Retail Observer

November 2020

The Retail Observer is an industry leading magazine for INDEPENDENT RETAILERS in Major Appliances, Consumer Electronics and Home Furnishings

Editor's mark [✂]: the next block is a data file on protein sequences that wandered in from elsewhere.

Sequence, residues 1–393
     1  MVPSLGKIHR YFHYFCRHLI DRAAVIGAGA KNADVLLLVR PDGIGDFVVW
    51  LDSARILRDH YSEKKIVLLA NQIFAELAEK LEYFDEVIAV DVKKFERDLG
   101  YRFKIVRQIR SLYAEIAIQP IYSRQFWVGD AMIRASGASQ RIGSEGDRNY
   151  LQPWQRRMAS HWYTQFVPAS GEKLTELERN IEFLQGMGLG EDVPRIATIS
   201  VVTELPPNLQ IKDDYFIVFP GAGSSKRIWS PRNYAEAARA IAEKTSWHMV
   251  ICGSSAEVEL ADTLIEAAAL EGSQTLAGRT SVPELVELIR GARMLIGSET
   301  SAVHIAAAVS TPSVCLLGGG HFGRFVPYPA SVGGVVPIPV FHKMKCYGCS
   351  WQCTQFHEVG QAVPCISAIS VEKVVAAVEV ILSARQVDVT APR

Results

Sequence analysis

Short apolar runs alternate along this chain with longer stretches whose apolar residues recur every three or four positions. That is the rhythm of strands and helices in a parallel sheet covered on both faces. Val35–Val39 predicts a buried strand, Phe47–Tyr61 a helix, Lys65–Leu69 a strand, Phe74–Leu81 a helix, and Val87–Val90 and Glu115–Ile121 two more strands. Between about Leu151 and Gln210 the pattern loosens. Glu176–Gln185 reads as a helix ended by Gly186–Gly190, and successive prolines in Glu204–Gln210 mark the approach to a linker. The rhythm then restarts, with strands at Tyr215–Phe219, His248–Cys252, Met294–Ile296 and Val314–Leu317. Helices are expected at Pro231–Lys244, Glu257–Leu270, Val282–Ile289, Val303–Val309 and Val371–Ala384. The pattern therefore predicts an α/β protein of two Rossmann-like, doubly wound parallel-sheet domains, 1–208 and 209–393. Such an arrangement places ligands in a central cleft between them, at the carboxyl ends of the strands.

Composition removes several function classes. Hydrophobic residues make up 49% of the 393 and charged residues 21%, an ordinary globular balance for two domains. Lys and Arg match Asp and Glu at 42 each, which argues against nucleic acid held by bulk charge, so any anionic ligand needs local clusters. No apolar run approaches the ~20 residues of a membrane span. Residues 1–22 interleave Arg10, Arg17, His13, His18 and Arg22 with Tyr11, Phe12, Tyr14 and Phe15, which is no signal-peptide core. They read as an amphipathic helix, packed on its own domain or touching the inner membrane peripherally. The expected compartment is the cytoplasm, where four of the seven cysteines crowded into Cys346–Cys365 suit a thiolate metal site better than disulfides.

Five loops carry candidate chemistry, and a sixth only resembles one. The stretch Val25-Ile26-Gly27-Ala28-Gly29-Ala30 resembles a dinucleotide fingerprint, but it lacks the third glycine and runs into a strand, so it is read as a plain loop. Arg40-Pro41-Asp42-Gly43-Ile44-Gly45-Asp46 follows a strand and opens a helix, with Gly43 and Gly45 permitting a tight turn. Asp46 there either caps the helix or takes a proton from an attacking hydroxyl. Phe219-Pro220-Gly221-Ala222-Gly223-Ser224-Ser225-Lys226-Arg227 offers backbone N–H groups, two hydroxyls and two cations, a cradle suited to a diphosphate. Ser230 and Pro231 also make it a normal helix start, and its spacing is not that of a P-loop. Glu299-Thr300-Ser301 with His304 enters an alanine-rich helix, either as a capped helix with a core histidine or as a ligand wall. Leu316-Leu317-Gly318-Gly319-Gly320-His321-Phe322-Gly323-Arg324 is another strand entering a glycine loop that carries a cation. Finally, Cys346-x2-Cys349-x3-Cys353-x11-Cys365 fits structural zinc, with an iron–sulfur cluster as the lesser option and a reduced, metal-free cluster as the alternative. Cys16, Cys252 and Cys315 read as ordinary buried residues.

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RETAILOBSERVER.COM NOVEMBER 2020 54 O n July 4, 1872, in a small hamlet in upstate Vermont, a boy named John was born into a middle-class family of independent retailers. His mother and father were farmers who also owned the local general store and post office in Vermont's rolling Green Mountain range. Going back generations, John's family had been part of the local fabric of Plymouth Notch since before the town had a name. As a boy, he had little ambition outside of being an honest and hardworking small-town business owner like his father before him. Although a quiet child, John was exposed to the principles of hard work and humility, earning a reputation as a dutiful overseer of his family's businesses. John would eventually leave the family business to practice law, but the lessons of his youth made a lasting impression and formed the foundation of his character for the remainder of his life. On August 2, 1923 John was urgently awakened in the early hours of the morning – then-President Warren Harding had died of cardiac arrest the night before in San Francisco. John's father, a justice of the peace and public notary, brought the family Bible and presented it to his son. A man of few words and fanfare, President John Calvin Coolidge was sworn in at 2:47 a.m. by candlelight and promptly returned to bed. Coolidge would guide America into a period of economic boom, ushering in the Roaring Twenties while passing extensive tax reforms and helping rebuild a wounded American economy after the disaster of the Great War. WHAT THIS MEANS FOR US TODAY Fresh off several scandals, and faced with an administration that was rife with corruption, Coolidge saw the path forward through investing in the preservation and strength of the American economy. He was focused on the future of the American economy, just as we need to focus on the future of retail business in 2021 and beyond. If you're like me, you're exhausted from reading every dissection and look-back in recent months. Undoubtedly COVID-19 has changed our retail landscape, but I do not believe COVID-19 introduced new problems; it just served to shine a spotlight on pre-existing challenges. Independent retailers didn't suddenly start having issues with finding and retaining employees; it's always been a challenge. Independent retailers didn't suddenly struggle to get their fair share of inventory compared to national retail; it's always been difficult. Independent retailers weren't suddenly leagues behind their national competition with regard to digital marketing and e-commerce; it's been a growing problem for years. As Coolidge was focused on making investments in the economy of the 1920s to prepare for the needs of the future, today's retailers must strive to make investments in their business now, so they'll be prepared for whatever fresh challenges 2021 might bring. For some of you, investing in your business means ensuring your digital marketing plan is sound and that it's delivering the results you deserve. For others it will be to hire and build a bench of talented employees, deploy digital price tags, or perhaps even open new locations or add new categories to their existing business. Whatever path presents itself as the best long-term opportunity for your business, I implore you to act now, if for no other reason than to be able to look back next year, or the year after, or sometime in the distant future and say your actions helped you weather new storms and face new challenges and allowed you to afford the improvements of tomorrow. In closing, I'll share a quote from President Coolidge. When pressed to explain how he planned to accomplish his agenda despite the headwinds of the Great War, corruption, the Spanish Flu and countless other challenges, he said: "I have found it advisable not to give too much heed to what people say when I am trying to accomplish something of consequence. Invariably they proclaim it can't be done – I deem that the very best time to make the effort." Lee McDonald Consumer Electronic Trends Lee McDonald, Director of Consumer Electronics, Nationwide Marketing Group RO FOCUSING ON THE FUTURE – RETAIL LIFE AFTER COVID-19 "Economy is the method by which we prepare today to afford the improvements of tomorrow." — Calvin Coolidge

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